IDEAS home Printed from https://ideas.repec.org/p/ctl/louvre/2000027.html
   My bibliography  Save this paper

Fédéralisme optimal en présence de gouvernements prédateurs

Author

Listed:
  • Bruno VENTELOU

    (OFCE, Fondation Nationale des Sciences Politiques)

Abstract

Cet article démontre sous son jeu d'hypothèses (notamment la présence de gouvernements prédateurs) que le découpage spatial de l'activité publique -recettes et dépenses- peut avoir une efficacité en terme de taux de croissance. Dans un premier temps, on traitera de l'organisation horizontale du pouvoir politique. Les avantages de la décentralisation dus à des effets de proximité seront limités par un phénomène de myopie spatiale propre aux « petits » centres régionaux. Ensuite, l'article s'interroge sur la portée de ses résultats, positifs ou normatifs ? Positivement, les propositions de l'article fournissent une explication des « frontières ». Mais du point de vue normatif, elles constituent plutôt un argument en faveur de l'abolition des frontières : en effet, l'instauration d'un « super-centre » hiérarchique, même prédateur, qui centraliserait et contrôlerait les décisions de régions fédérées (par libre consentement), peut réaliser un niveau de croissance supérieur; cette fois, c'est l'organisation verticale du pouvoir politique qui nous donne l'institution socialement efficace.

Suggested Citation

  • Bruno VENTELOU, 2000. "Fédéralisme optimal en présence de gouvernements prédateurs," Discussion Papers (REL - Recherches Economiques de Louvain) 2000027, Université catholique de Louvain, Institut de Recherches Economiques et Sociales (IRES).
  • Handle: RePEc:ctl:louvre:2000027
    as

    Download full text from publisher

    File URL: http://sites.uclouvain.be/econ/DP/REL/2000027.pdf
    Download Restriction: no

    References listed on IDEAS

    as
    1. Persson, Torsten & Tabellini, Guido, 1992. "Growth, distribution and politics," European Economic Review, Elsevier, vol. 36(2-3), pages 593-602, April.
    2. Paul Krugman, 1998. "Space: The Final Frontier," Journal of Economic Perspectives, American Economic Association, vol. 12(2), pages 161-174, Spring.
    3. Warneryd, Karl, 1998. "Distributional conflict and jurisdictional organization," Journal of Public Economics, Elsevier, vol. 69(3), pages 435-450, September.
    4. Yingyi Qian & Barry R. Weingast, 1997. "Federalism as a Commitment to Reserving Market Incentives," Journal of Economic Perspectives, American Economic Association, vol. 11(4), pages 83-92, Fall.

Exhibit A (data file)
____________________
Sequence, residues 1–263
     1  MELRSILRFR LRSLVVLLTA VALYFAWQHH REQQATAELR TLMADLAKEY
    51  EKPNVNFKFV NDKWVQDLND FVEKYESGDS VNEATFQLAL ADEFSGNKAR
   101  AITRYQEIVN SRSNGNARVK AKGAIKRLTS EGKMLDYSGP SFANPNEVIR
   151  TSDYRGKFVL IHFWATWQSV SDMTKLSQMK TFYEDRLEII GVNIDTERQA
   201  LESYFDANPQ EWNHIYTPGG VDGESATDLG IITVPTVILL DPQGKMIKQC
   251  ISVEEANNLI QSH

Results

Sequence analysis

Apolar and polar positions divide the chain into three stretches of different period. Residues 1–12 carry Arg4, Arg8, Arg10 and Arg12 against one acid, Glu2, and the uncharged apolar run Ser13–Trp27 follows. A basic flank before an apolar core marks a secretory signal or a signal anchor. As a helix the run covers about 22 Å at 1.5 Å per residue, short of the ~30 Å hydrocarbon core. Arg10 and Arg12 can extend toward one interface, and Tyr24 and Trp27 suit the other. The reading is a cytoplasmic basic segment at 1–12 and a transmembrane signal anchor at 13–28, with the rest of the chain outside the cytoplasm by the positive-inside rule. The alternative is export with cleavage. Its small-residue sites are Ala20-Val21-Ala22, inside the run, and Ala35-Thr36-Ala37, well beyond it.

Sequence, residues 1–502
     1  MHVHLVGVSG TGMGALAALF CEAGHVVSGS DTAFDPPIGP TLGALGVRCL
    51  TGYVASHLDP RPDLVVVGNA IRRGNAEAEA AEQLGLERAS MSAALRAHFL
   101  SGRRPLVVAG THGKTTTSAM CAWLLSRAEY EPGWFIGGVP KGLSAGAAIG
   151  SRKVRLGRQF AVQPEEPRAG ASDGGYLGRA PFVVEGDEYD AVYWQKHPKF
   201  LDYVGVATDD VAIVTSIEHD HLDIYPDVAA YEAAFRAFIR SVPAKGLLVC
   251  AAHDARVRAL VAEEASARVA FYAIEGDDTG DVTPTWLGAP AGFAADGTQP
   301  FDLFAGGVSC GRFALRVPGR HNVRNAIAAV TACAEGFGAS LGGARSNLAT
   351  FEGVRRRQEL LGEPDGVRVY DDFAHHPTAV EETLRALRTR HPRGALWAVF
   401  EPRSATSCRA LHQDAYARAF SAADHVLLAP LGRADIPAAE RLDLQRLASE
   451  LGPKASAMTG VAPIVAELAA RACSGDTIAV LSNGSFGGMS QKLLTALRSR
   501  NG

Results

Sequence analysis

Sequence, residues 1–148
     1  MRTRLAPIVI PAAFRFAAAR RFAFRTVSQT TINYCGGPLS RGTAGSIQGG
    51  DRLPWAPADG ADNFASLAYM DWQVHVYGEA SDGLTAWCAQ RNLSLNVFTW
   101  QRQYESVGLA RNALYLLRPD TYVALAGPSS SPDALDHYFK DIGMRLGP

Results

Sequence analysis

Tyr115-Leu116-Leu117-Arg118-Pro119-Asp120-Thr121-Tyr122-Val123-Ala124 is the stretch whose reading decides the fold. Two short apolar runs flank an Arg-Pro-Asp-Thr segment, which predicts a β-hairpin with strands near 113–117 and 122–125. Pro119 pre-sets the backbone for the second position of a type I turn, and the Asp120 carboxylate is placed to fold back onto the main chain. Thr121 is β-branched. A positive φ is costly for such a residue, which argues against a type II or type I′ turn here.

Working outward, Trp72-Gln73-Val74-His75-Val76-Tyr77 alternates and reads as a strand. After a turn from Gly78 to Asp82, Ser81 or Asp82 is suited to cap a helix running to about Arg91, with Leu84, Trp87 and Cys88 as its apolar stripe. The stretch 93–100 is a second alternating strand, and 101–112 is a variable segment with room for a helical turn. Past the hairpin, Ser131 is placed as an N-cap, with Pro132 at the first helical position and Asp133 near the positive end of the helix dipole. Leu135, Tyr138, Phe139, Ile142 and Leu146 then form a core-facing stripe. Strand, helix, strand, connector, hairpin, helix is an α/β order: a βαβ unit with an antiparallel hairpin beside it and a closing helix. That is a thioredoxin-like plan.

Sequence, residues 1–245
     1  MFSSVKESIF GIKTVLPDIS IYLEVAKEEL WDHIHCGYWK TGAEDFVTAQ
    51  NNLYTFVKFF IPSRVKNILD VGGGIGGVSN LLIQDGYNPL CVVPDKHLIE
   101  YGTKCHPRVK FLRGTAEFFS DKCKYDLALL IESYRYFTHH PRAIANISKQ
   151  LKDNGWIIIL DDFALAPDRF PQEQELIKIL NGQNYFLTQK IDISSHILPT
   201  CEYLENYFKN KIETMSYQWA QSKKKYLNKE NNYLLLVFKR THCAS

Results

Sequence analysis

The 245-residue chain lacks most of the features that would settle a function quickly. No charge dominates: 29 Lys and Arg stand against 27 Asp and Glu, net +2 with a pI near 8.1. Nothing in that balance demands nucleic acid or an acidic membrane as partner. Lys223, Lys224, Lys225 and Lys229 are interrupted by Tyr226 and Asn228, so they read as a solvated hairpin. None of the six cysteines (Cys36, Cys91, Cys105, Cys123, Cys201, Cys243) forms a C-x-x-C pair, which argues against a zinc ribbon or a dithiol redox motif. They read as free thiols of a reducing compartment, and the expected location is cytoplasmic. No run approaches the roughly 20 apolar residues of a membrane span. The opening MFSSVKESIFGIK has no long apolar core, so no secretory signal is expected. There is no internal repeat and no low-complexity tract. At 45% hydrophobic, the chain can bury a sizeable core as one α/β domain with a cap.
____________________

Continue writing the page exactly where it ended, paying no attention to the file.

5. Barro, Robert J, 1990. "Government Spending in a Simple Model of Endogenous Growth," Journal of Political Economy, University of Chicago Press, vol. 98(5), pages 103-126, October.
    6. Alesina, Alberto & Perotti, Roberto, 1994. "The Political Economy of Growth: A Critical Survey of the Recent Literature," World Bank Economic Review, World Bank Group, vol. 8(3), pages 351-371, September.
    7. Robert P. Inman & Daniel L. Rubinfeld, 1997. "Rethinking Federalism," Journal of Economic Perspectives, American Economic Association, vol. 11(4), pages 43-64, Fall.
    Full references (including those not matched with items on IDEAS)

    Citations

    Citations are extracted by the CitEc Project, subscribe to its RSS feed for this item.
    as


    Cited by:

    1. Santiago Lago-Peñas & Bruno Ventelou, 2006. "The Effects of Regional Sizing on Growth," Public Choice, Springer, vol. 127(3), pages 407-427, June.

    More about this item

    JEL classification:

    • D7 - Microeconomics - - Analysis of Collective Decision-Making
    • H4 - Public Economics - - Publicly Provided Goods
    • R1 - Urban, Rural, Regional, Real Estate, and Transportation Economics - - General Regional Economics

    Statistics

    Access and download statistics

    Corrections

    All material on this site has been provided by the respective publishers and authors. You can help correct errors and omissions. When requesting a correction, please mention this item's handle: RePEc:ctl:louvre:2000027. See general information about how to correct material in RePEc.

    For technical questions regarding this item, or to correct its authors, title, abstract, bibliographic or download information, contact: (Sebastien SCHILLINGS). General contact details of provider: http://edirc.repec.org/data/iruclbe.html .

    If you have authored this item and are not yet registered with RePEc, we encourage you to do it here. This allows to link your profile to this item. It also allows you to accept potential citations to this item that we are uncertain about.

    If CitEc recognized a reference but did not link an item in RePEc to it, you can help with this form .

    If you know of missing items citing this one, you can help us creating those links by adding the relevant references in the same way as above, for each refering item. If you are a registered author of this item, you may also want to check the "citations" tab in your RePEc Author Service profile, as there may be some citations waiting for confirmation.

    Please note that corrections may take a couple of weeks to filter through the various RePEc services.

    IDEAS is a RePEc service hosted by the Research Division of the Federal Reserve Bank of St. Louis . RePEc uses bibliographic data supplied by the respective publishers.